Last week 10,000 angry tea farmers in Nandi County, Kenya demanded the arrest of factory workers who left the job for a week over salary concerns, closing 11 factories. Workers are upset that employers had refused to implement a court-ordered 30% increase in wages. Government officials intervened to resolve the immediate crisis and processing resumed but the situation remains precarious.
Kenyan tea workers plucking by hand.
Workers were upset that employers had refused to implement a court-ordered 30% increase in wages.
The immediate crisis was resolved by Labour Cabinet Secretary Phyllis Kandie with Cabinet Secretary, Ministry of Agriculture, Livestock and Fisheries Willy Bett who negotiated a retroactive 7% wage increase for 2014 and an 8% increase for 2015. All parties agreed to meet again this week to reach agreement on pay for 2016.
In Kenya, hundreds of thousands of workers are employed in producing tea, mainly on plots of land smaller than 20 acres. The tea they pluck is sold to processing facilities designed to produce large quantities of cut-tear-curl (CTC) black tea. If the tea they pluck is not processed promptly, the harvest is lost. Farmers claimed the week-long shutdown resulted in losses of $KSh300 million ($2.9 million).
Workers of the Kenya Plantation and Agricultural Workers Union conducted onsite demonstrations at several factories over wages. Workers are back on the job this week but the economics of commodity tea remain precarious, with prices falling for exports amid demands for higher-quality tea.
Growers maintain that out of the $KSh22 per kilo of tea sold, Sh15 goes to workers with another Sh3 to cover transport.
“When you factor in fertilizer and pesticides, this leaves the farmer with absolutely nothing,” farmer David Sum told All Africa. Sum farms two acres of tea in the Nandi Hills.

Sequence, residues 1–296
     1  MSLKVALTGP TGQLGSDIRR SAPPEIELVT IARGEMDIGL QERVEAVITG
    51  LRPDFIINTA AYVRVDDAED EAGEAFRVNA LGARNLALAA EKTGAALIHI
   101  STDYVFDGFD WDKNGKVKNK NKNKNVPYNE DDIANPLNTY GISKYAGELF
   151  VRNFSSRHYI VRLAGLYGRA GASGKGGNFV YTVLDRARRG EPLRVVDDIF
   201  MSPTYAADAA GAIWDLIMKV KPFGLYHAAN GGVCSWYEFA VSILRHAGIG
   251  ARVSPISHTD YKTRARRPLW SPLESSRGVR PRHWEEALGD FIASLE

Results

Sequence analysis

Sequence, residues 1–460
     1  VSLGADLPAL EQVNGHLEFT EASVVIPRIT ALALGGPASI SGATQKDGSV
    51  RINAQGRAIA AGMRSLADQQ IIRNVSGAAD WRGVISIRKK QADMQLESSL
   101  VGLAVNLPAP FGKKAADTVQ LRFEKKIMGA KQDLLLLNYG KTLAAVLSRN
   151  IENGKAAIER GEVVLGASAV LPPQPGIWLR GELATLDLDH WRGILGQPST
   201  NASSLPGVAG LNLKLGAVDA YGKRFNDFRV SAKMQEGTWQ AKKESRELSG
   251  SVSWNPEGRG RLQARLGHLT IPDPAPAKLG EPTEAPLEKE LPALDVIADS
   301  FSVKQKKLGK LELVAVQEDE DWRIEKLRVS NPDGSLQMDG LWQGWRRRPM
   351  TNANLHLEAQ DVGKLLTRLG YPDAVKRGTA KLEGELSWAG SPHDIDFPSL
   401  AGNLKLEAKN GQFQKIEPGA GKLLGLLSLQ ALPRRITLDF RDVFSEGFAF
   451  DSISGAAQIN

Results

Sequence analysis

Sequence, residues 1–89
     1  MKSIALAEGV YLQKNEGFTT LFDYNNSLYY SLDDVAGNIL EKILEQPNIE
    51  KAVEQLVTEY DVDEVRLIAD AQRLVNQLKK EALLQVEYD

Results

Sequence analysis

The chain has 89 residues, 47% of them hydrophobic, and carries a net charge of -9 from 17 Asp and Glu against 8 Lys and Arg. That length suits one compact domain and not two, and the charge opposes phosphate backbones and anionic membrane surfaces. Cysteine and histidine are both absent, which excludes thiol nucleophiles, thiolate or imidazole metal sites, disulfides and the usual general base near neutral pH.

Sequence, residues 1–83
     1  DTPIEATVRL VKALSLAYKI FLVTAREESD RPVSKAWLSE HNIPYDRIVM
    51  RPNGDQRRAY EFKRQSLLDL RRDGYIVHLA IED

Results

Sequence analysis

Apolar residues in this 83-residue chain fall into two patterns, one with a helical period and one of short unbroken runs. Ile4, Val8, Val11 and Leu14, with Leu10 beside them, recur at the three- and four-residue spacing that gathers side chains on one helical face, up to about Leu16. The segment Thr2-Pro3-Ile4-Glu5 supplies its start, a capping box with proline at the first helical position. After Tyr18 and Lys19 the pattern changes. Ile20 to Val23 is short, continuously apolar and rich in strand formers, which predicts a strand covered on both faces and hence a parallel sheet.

In Kenya, most tea plantations are smaller than 20 acres.
The tea companies are appealing the wage increase, stating that the additional labor costs will put them out of business. The discussion brings into focus the ongoing transition to mechanized harvesting.
Owners hope to introduce plucking machines that will reduce by 75% the labor expense. Mechanical harvesting accounts for increasing volume of the globe’s cut-tear-curl tea at the expense of thousands of jobs.
Mechanization saves labor expense and improves yield per acre as a pair of workers can harvest 10 times more leaves than can be handpicked by two people during the same period. Good weather and ever-more efficient agricultural practices have resulted in a bounty of tea this year. The surplus has driven down costs, making Kenyan tea more desirable in the highly competitive export market.
“Kenya has produced 177 million kg of tea this year, which is 72 million kg more than last year. With this huge production, Kenya is in a position to offer much competitive price to Pakistan than India,” a senior tea planter told India’s Economic Times.
Revenue from tea exports is essential to Kenya’s economy, but producing more and more tea forces down prices resulting in an unsustainable, highly volatile cycle evident for the past 10 years.
Source: All Africa, Economic Times